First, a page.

The symptoms of depression are a depressed mood, feelings of guilt or worthlessness, loss of motivation, interest or pleasure, changes in sleep (insomnia or sleeping a lot), appetite changes and accompanied weight fluctuations, fatigue and low energy, noticeable physical changes in speech or movement, lack of concentration, and intrusive thoughts about death or suicide. [5]

In order to qualify for a diagnosis of depression, it is necessary to have at least five of these symptoms during a period of at least two weeks, and they need to be present on most days for a large portion of the day as well as causing significant distress. 

While you notice that "mood swings" do not form an official part of the diagnostic picture of postpartum depression, the very qualifiers "on most days" and "a large portion of the day" do in fact indicate possible mood swings: if you are not feeling depressed all the time, mood fluctuations are occurring.

While this is understudied, one Polish study did note that so-called "soft bipolarity features", meaning mild mania and hypomania, did affect a portion of women who met the diagnostic criteria for postpartum depression. The study observed that such bipolarity features were more common in younger mothers. [6] Older mothers were found to be more likely to suffer from unipolar depression, on the other hand. 

We should also make it clear that women who already suffered from bipolar disorder are at risk of experiencing severe episodes during the postpartum period [7], something that does not fall under the diagnostic category of postpartum depression. Women with bipolar disorder who are pregnant or hoping to become pregnant benefit from discussing the management of their condition during pregnancy and the postpartum period with their healthcare providers at their earliest convenience.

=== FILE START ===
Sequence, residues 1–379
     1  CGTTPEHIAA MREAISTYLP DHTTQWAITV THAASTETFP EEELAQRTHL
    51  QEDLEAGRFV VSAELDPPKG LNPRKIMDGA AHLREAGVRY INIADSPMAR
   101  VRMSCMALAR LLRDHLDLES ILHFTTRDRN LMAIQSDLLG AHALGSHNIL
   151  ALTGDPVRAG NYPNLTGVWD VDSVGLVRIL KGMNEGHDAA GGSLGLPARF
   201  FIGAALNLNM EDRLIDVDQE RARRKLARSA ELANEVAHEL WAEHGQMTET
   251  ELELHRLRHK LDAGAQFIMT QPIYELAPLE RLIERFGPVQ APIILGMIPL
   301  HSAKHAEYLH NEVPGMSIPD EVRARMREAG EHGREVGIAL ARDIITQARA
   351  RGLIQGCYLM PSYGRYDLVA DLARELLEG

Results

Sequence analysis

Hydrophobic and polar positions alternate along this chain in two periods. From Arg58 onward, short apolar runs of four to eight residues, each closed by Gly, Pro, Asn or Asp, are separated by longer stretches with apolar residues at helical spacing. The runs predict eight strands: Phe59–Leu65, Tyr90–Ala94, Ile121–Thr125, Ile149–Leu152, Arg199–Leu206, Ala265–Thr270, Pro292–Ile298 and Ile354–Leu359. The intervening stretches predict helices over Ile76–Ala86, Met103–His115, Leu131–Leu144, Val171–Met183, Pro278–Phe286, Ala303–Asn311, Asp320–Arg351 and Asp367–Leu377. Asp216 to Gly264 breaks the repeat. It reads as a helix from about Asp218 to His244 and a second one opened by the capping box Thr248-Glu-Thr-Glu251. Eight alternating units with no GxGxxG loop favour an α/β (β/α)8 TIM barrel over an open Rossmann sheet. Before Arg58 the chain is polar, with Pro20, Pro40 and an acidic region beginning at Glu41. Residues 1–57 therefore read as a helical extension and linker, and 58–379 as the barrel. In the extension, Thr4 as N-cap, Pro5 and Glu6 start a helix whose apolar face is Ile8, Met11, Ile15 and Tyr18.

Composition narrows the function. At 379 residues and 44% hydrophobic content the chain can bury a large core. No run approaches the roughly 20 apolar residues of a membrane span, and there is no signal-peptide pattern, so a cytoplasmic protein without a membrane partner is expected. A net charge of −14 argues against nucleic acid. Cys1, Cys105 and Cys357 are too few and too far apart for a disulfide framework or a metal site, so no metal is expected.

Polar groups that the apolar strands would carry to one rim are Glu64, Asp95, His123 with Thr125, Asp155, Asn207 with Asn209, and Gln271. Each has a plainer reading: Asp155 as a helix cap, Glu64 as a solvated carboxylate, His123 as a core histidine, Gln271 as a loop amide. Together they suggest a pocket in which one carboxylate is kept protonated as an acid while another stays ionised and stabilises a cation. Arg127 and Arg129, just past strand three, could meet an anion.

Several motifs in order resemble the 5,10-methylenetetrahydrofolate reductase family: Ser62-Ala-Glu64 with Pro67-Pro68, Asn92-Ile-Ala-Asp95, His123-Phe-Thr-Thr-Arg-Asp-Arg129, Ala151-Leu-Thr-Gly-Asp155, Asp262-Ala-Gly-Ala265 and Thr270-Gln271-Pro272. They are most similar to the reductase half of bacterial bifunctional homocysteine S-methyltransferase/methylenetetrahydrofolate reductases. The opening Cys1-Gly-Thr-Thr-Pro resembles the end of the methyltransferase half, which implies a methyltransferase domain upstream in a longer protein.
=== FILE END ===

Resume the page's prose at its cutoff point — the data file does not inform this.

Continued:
Whatever's Causing My Mood Swings, I Need Help!

Of course you do, and help is available.

If you are suffering from the Baby Blues, a combination of catching some sleep, receiving household help and help with baby care, and a listening ear will be sufficient and your mood will improve greatly given just a little bit of time.

If your mood swings persist beyond two weeks postpartum and you are suffering from severe mood swings, you will need to make contact with a healthcare provider. Whether you turn to your family doctor for help, approach your OBGYN, or decide to see a psychologist, if you need assistance they are unable to provide, they will be able to refer you to someone who can give you what you need — beginning with a diagnosis.

Remember that though significant emotional distress during the postpartum period is now most commonly associated with postpartum depression, it is also possible that you are suffering from another mood disorder, such as bipolar disorder, even if you were not previously diagnosed [8, 9, 10].

Postpartum women with severe mood swings caused by a depressive disorder will most likely be advised treatment in the form of a combination of talk therapy and medications. Where their depression is severe enough, inpatient treatment is warranted.